This takes on an added dimension if you consider that the company is in any case facing a margin squeeze on account of the rising food costs. Currently, food costs account for one-third of the total revenue. The situation has almost come to a point where if Chipotle raises prices it risks losing its customers and if it doesn’t its margins go for a toss.
Strategy 2: New Brand
Chipotle is launching its second brand, ShopHouse Southeast Asian Kitchen where it would be serving oriental fare like noodle bowls, curries, and stir fries. The first ShopHouse outlet opened in Washington, DC, in September 2011 and now the company is planning to open three more over the coming months.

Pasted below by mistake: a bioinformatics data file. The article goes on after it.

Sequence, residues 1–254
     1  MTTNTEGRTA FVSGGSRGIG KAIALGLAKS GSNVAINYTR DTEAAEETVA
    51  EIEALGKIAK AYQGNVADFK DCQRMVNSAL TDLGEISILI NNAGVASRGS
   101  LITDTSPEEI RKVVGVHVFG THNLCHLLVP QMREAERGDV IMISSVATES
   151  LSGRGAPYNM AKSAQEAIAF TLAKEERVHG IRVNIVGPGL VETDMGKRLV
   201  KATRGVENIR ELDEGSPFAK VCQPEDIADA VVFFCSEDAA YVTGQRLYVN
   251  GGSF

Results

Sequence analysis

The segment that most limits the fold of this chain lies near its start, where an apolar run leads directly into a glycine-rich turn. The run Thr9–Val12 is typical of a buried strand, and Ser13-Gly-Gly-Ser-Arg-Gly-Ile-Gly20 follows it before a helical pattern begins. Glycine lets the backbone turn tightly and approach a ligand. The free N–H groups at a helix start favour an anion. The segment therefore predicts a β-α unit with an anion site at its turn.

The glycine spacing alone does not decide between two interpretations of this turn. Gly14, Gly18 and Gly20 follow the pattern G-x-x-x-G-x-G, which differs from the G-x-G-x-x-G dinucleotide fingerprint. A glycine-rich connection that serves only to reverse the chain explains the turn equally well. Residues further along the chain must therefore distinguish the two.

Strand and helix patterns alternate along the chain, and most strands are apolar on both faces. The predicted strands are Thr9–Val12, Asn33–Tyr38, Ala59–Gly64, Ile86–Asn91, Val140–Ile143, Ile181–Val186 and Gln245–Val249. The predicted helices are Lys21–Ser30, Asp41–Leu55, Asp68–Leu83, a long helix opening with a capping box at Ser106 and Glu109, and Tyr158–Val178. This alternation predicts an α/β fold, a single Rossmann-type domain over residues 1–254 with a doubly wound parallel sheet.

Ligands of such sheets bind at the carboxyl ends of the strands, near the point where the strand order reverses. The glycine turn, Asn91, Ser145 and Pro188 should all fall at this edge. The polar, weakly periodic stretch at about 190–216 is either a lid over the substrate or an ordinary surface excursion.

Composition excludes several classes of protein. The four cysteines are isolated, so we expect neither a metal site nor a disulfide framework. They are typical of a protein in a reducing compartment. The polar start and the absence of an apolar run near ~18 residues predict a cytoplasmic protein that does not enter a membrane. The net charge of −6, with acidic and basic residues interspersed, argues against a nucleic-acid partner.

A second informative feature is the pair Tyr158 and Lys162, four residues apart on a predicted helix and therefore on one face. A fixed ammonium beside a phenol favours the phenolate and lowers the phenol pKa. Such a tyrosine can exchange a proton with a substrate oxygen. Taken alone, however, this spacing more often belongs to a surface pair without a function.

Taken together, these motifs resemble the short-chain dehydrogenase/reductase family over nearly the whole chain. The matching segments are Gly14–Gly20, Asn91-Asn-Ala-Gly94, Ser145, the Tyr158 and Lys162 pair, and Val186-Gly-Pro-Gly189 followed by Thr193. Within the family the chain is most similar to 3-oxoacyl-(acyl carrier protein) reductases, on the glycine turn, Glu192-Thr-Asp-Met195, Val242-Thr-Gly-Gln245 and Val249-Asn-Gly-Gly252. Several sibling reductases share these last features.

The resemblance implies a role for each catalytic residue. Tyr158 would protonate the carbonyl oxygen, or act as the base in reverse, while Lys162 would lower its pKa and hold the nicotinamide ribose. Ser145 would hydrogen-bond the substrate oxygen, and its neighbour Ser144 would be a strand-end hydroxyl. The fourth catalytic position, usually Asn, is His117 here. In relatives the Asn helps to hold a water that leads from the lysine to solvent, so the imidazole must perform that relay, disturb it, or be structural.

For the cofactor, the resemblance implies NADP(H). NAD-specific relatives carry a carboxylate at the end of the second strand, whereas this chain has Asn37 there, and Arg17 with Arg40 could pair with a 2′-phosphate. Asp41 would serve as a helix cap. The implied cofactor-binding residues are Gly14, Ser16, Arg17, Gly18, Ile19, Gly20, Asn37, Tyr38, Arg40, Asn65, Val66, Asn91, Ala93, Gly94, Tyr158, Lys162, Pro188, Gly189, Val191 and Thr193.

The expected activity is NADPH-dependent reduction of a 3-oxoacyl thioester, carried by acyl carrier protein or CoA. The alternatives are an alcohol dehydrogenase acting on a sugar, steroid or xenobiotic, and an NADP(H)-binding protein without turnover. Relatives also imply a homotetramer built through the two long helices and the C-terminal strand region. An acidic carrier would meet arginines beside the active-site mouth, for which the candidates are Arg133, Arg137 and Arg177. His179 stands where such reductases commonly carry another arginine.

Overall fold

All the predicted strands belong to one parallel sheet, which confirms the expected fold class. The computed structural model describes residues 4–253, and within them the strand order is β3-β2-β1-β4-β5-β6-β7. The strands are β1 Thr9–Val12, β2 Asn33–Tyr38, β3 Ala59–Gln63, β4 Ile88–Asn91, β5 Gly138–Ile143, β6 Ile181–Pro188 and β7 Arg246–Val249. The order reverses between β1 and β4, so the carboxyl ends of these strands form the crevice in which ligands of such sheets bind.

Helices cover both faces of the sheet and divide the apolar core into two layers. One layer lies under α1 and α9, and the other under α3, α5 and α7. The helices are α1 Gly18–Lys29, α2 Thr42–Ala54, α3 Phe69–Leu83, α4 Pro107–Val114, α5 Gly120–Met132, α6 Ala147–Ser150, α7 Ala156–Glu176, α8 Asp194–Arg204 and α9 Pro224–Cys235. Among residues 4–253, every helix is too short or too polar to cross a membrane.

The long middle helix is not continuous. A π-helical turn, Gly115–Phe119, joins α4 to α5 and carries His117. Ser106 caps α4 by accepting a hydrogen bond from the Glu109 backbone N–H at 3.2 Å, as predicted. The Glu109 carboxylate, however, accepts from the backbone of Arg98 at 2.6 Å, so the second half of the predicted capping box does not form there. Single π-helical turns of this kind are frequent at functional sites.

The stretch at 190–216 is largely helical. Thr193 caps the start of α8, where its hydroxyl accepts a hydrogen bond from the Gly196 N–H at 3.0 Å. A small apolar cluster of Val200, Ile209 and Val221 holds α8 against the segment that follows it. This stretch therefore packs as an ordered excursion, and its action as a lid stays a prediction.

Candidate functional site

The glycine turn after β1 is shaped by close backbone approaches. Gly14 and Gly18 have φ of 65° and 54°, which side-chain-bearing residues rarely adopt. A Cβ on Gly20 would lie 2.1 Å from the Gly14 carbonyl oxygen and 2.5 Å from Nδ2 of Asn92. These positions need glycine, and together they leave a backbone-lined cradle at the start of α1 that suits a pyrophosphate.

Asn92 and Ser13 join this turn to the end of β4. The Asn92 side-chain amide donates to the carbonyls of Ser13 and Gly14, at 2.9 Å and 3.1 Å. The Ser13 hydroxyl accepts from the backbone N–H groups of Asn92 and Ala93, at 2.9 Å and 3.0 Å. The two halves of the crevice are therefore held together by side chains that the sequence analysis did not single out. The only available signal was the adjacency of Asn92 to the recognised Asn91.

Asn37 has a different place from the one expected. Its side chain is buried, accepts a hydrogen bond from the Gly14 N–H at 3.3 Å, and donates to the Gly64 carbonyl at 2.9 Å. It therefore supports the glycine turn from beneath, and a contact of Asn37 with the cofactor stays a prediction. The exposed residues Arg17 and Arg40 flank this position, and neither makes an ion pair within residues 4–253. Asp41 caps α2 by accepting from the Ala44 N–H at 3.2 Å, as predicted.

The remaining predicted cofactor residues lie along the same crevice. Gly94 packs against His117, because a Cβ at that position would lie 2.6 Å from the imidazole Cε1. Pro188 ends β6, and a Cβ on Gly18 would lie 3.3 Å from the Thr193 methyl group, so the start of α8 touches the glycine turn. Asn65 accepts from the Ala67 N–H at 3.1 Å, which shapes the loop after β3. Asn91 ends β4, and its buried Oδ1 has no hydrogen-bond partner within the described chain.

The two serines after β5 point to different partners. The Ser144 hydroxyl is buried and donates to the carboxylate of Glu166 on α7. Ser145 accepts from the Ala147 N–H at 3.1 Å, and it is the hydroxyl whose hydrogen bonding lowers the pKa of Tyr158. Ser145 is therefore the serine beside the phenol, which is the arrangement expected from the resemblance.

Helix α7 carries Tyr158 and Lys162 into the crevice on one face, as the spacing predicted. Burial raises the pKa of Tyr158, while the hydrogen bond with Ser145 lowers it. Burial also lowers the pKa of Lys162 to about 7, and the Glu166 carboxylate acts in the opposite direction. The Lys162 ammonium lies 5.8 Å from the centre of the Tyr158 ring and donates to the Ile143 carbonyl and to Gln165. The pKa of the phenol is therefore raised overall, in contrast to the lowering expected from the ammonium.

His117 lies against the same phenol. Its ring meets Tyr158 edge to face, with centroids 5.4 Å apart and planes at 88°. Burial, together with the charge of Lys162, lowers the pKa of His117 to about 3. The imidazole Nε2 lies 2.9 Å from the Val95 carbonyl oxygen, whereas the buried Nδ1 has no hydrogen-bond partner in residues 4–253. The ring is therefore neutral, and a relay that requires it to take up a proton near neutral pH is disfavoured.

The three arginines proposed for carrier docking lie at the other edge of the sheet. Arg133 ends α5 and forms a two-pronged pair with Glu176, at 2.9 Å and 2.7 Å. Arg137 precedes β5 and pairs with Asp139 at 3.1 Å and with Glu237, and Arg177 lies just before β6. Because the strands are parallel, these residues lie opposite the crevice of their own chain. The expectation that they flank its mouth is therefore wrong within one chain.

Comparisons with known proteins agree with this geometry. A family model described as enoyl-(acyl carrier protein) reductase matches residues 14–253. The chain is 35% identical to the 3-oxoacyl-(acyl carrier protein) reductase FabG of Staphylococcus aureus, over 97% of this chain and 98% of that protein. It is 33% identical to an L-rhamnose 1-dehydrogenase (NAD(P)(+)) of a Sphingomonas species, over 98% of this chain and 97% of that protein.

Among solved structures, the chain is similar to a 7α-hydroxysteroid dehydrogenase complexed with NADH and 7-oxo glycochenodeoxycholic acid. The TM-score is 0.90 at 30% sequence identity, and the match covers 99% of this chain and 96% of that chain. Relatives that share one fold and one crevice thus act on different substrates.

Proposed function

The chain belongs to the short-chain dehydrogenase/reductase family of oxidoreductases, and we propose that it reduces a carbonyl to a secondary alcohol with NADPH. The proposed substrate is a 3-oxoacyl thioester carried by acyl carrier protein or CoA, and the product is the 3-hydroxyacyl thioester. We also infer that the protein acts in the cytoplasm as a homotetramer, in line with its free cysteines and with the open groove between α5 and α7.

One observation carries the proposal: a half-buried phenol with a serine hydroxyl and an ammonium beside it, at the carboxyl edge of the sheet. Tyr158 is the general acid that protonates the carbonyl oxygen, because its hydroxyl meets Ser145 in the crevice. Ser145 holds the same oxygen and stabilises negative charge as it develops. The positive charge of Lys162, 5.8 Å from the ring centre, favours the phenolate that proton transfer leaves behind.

Again there is nothing wrong with the strategy per se. But Chipotle is still a relatively new brand and any wrong moves with the new ShopHouse brand can negatively affect the core business. So instead of trying to build a fresh brand with a completely new cuisine it might have been better if the company had stuck to what it does best and that is serve excellent quality Mexican fare.
And if it had to diversify, international expansion of the core chain was always a good option. The company has only 12 restaurants outside the US and has not even ventured into Asia where the entire band of fast food players is setting up shop. Yum Brands! (NYSE: YUM) introduced Taco bell restaurants in China way back in 2003.
Strategy 3: Menu Expansion
Finally let us talk about the recent menu expansions that are happening at Chipotle. There are two new things on the horizon that look exciting.